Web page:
Associated Press

March 17, 1994

Religion in the News


Servants of God sexually abuse youth and a Roman Catholic archdiocese faces bankruptcy because of clergy abuse suits. A treatment center for pedophiles is closed, and other churches try in vain to insure against clergy abuse.

Acts of retribution from God? No, insurance companies.

As clergy sex abuse cases unfold and court judgments pile up into the hundreds of millions of dollars, insurers have become important arbiters of issues including compensation for victims and how sex offenders will be treated.

Some religious and mental health officials are concerned that as insurers take an increasingly hard-line approach to settling lawsuits or renewing liability coverage, abusive clergy seeking help and their victims will be forsaken.

Cost estimates for the priest sex-abuse scandals in the United States reach as high as half a billion dollars. And that is only in the Catholic Church -- experts say the scandal cuts across denominational lines.

The exact figures are unknown because churches and insurance companies are reluctant to reveal settlements.

What is clear is that insurance companies are being asked "to pay the lion's share," said Jeffrey Anderson, a Minneapolis attorney for abuse victims.

But many insurance companies are balking at paying, and some have responded with lawsuits of their own against churches they say should have known better than to hire priests who had a history as sexual abusers.

In Santa Fe, Archbishop Michael Sheehan is asking parishes for cash to avoid bankruptcy court as it grapples with scores of sex-abuse lawsuits that could cost up to $50 million.

Church officials praised archdiocesan insurers, Lloyds of London and Interstate Fire and Casualty, for helping pay for 16 settlements of alleged victims of former priest Jason Sigler.

But archdiocesan officials said insurance companies have refused to pay in other cases.

Lloyd's spokesman in New York City, Norman Weissman, declined an interview because it was against "Lloyds' underwriters policy to discuss cases."

Several insurance companies have sued the Archdiocese of Santa Fe in federal court, alleging negligence in overseeing the assignments of known pedophile priests. The archdiocese countersued insurers in state district court, alleging the companies failed to uphold their contracts with the archdiocese.

In Wisconsin, the Barnabas Center closed last May because church insurance plans would no longer pay for inpatient care for clergy, said Hands, who co-founded the sexual disorder facility in 1988.

Treatment can become expensive because in-patient programs cost from $250 to $800 per day, and can last up to eighteen months. Most insurance companies cringe at the amount, and churches, dried up from settlement payments, cannot make the payments, Hands said.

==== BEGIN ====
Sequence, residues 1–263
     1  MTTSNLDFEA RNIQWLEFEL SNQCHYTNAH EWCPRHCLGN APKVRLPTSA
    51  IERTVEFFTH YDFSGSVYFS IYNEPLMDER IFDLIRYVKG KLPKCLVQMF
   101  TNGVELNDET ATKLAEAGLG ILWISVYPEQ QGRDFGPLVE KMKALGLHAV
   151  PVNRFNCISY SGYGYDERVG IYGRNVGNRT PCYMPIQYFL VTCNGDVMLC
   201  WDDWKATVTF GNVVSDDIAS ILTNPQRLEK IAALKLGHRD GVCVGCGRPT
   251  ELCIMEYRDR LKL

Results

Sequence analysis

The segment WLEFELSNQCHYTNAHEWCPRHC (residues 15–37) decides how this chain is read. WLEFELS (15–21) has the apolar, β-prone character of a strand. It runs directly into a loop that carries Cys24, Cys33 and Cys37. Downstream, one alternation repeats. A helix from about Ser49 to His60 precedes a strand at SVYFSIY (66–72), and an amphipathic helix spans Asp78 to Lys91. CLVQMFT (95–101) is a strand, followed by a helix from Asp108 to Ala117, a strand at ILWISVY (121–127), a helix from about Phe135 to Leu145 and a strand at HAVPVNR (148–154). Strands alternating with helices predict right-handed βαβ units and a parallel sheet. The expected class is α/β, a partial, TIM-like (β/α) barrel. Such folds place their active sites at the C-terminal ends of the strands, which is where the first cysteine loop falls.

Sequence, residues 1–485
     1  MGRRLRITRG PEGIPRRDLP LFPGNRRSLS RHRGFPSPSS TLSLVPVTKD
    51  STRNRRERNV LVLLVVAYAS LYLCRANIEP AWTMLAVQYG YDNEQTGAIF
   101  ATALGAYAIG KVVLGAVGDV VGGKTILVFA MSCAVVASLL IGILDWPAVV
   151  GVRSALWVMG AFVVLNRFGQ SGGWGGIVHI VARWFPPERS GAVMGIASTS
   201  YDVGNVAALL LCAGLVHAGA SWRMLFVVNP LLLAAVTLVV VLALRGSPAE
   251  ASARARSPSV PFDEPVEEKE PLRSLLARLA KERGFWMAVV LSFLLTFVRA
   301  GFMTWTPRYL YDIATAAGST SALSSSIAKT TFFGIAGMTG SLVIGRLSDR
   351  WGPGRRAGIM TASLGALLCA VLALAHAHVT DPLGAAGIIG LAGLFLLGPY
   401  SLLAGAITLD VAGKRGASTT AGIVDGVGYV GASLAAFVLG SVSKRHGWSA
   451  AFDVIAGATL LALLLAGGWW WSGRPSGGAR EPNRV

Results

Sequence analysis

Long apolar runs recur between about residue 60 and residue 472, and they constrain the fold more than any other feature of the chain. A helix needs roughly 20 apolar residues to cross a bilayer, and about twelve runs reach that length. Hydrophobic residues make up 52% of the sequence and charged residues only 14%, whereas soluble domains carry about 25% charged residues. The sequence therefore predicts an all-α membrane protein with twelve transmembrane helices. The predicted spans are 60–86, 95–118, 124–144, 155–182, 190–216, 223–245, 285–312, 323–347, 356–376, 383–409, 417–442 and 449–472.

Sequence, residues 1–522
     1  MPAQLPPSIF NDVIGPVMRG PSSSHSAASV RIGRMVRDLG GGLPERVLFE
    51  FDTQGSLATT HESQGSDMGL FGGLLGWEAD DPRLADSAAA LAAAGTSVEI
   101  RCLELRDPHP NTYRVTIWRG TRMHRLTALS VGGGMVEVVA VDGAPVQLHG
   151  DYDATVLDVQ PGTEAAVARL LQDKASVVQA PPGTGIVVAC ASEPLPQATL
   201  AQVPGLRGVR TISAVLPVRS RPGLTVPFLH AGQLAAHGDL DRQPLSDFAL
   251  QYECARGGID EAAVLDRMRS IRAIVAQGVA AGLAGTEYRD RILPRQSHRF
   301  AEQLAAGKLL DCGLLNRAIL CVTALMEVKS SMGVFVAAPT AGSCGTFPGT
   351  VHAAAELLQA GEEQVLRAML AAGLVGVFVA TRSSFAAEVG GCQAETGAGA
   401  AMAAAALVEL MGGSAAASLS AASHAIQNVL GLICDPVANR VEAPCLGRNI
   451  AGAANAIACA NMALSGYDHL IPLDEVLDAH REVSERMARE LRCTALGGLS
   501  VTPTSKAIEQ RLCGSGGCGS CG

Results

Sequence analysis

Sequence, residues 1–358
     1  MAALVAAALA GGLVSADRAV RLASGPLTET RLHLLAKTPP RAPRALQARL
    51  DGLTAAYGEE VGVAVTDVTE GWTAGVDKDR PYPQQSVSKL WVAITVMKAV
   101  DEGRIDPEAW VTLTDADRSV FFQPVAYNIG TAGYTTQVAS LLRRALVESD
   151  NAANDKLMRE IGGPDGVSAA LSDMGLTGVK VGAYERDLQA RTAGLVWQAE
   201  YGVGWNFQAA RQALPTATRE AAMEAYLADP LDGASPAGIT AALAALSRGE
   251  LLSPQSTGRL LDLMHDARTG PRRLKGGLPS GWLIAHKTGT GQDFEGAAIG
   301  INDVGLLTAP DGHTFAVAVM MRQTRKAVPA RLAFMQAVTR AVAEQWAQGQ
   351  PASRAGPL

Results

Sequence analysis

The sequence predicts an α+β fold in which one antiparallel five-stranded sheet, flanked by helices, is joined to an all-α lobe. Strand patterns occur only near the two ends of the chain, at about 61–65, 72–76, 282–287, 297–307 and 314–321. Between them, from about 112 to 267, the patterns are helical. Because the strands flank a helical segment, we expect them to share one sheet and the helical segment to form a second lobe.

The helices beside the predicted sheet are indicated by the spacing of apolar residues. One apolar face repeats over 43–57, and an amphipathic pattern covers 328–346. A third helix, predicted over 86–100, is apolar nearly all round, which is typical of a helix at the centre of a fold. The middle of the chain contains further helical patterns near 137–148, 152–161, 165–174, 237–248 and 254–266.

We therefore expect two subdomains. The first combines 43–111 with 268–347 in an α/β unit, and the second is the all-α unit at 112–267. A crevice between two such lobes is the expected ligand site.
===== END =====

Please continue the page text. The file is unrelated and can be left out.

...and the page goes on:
For local churches of all denominations, the bottom line is often rising insurance costs and limited or no coverage for clergy sexual abuse.

Clarence Dziak, president of Great American Insurance Co. in Albuquerque, N.M., said that the payment crisis in New Mexico has made it difficult for all churches to buy insurance, and pastoral liability coverage will not be offered.

Paul Ogden, insurance risk manager for the Presbyterian Church (U.S.A.), said the Presbyterian churches may get coverage, but every underwriter had an exclusionary provision for child molestation and pastoral liability.

Ogden added that "insurance companies are running scared," and policies have become costly.

Even expensive policies do not ensure payment.

The Servants of the Paraclete, a treatment center in Jemez Springs, N.M., agreed to a $5.6 million settlement for victims of former priest James Porter in Minnesota and to a $2 million settlement for his victims in New Mexico. The Servants of the Paraclete said it was assigning them its rights against insurance carriers, and that the settlements would be collected from the insurers, not from the treatment center.

But the treatment center is still in court seeking reimbursement from its three chief insurers, Catholic Mutual Relief Society of America, Great American Insurance Company and St. Paul Fire and Marine Insurance Co. for alleged breach of contract.

Other treatment centers fear they also will be held accountable if treatment doesn't work.

Gerald Kaplan, Director of Alpha Human Services in Minneapolis, said the possibility of recidivism cannot be eliminated.